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$D= \{(x,y)~|~x \ne 0, y \ne 0\}$

I'm thinking I can show that the set is open for $x \gt 0$ and $y \gt 0$ using disks. Maybe I could do the same for $x \lt 0$ and $y \lt 0$. But this process seems too long.

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up vote 7 down vote accepted

Consider the function $f(x,y)=xy$. Note that $f^{-1}[\mathbb R\setminus \{0\}]=D$. Since $\mathbb R\setminus \{0\}$ is open (which is easier to prove) and $f$ is continuous it follows that $D$ is open.

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+1 Short and sweet. – JavaMan Mar 10 '13 at 4:48

I don't see why you consider using open disks to take long; given any $(a,b)\in D$, just show that the open disk centered at $(a,b)$ of radius $\frac{\min\{a,b\}}{2}$ is contained in $D$.

Here are some examples; note how they don't touch the axes, i.e. $\{(x,y)\in\mathbb{R}^2\mid x=0\text{ or }y=0\}$.

enter image description here

MyCircle[point_] := {RegionPlot[(x - point[[1]])^2 + (y - point[[2]])^2 <  
(Min[Abs[point[[1]]], Abs[point[[2]]]]/2)^2, {x, -1, 1}, {y, -1, 1}, 
PlotPoints -> 40, PlotStyle -> {Hue[SeedRandom[Floor[(point[[1]] + point[[2]])*
1000]^2]; RandomReal[]]}], ListPlot[{point}, PlotStyle -> Directive[Black,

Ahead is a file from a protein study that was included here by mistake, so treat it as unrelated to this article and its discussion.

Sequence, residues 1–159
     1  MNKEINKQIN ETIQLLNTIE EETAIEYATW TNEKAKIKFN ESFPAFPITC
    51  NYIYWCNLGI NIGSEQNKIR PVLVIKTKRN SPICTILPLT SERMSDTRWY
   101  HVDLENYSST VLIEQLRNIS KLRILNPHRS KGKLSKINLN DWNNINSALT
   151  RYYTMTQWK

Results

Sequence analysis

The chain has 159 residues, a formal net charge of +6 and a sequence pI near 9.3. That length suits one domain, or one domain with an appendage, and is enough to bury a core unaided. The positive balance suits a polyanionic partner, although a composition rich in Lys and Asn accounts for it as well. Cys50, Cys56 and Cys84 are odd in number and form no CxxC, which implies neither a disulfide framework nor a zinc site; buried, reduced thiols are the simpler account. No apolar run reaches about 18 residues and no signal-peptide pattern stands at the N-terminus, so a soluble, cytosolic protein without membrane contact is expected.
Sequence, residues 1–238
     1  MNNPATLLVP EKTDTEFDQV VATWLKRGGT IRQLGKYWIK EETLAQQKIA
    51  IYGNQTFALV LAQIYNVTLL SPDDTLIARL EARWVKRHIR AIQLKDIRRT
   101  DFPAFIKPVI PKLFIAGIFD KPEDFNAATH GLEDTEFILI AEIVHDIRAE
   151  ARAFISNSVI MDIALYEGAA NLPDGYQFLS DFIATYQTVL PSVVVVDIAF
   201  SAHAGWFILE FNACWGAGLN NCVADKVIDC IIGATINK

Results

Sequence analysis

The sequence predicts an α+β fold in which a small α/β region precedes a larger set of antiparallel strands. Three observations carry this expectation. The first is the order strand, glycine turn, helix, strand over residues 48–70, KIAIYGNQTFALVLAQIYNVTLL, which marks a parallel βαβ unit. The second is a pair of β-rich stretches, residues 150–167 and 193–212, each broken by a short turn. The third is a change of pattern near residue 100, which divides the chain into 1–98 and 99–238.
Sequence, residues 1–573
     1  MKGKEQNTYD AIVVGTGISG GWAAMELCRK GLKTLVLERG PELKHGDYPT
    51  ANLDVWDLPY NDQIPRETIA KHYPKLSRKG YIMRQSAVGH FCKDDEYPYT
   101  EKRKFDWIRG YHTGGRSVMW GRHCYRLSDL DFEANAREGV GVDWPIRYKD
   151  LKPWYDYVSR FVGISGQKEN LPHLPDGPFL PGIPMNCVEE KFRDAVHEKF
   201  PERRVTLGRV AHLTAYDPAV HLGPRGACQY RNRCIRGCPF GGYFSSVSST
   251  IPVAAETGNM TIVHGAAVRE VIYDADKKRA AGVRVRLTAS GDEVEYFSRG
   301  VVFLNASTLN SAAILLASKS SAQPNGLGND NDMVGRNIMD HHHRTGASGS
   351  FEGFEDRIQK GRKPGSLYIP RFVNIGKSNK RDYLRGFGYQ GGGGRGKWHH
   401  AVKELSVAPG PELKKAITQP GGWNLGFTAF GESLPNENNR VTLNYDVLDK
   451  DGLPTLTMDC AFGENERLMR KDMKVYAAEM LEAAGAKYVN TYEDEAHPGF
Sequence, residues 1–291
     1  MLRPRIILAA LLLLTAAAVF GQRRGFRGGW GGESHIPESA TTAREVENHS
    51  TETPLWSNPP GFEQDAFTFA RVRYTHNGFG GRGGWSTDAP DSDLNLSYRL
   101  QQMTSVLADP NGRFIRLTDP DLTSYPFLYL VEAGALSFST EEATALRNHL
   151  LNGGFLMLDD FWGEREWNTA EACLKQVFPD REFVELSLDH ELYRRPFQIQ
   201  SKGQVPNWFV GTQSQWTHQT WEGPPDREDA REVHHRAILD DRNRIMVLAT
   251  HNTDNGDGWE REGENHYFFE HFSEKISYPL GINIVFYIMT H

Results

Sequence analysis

listofpoints = Select[RandomReal[{-1,1},{60,2}], Min[Abs[#[[1]]], Abs[#[[2]]]] 
> 0.04 &]; listofplots = {}; For[n = 1, n <= 30, n++, 
AppendTo[listofplots, Show[Plot[{}, {x, -1, 1}, Axes -> True, Ticks -> None, 
AspectRatio -> Automatic], Flatten[Map[MyCircle, Take[listofpoints, n]]]]]]; 

Export["animation.gif", listofplots, "DisplayDurations" -> {1}]
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I'd say min{|a|, |b|}/2 – RiaD Mar 10 '13 at 13:29

Note that $$ \mathbb{R}^2\setminus D=\{(x,y)\;;\;x=0\;\mbox{or}\;y=0\}=f^{-1}(\{0\})\cup g^{-1}(\{0\}) $$ where $$ f:(x,y)\longmapsto x\qquad g:(x,y)\longmapsto y $$ are both continuous whatever norm you put on $\mathbb{R}^2$, since they are linear and $\mathbb{R}^2$ is finite-dimensional.

Now $\{0\}$ is easily seen to be closed in $\mathbb{R}$. So $f^{-1}(\{0\})$ and $g^{-1}(\{0\})$ are both closed, hence $\mathbb{R}^2\setminus D$ is closed.

Thus $D$ is open.

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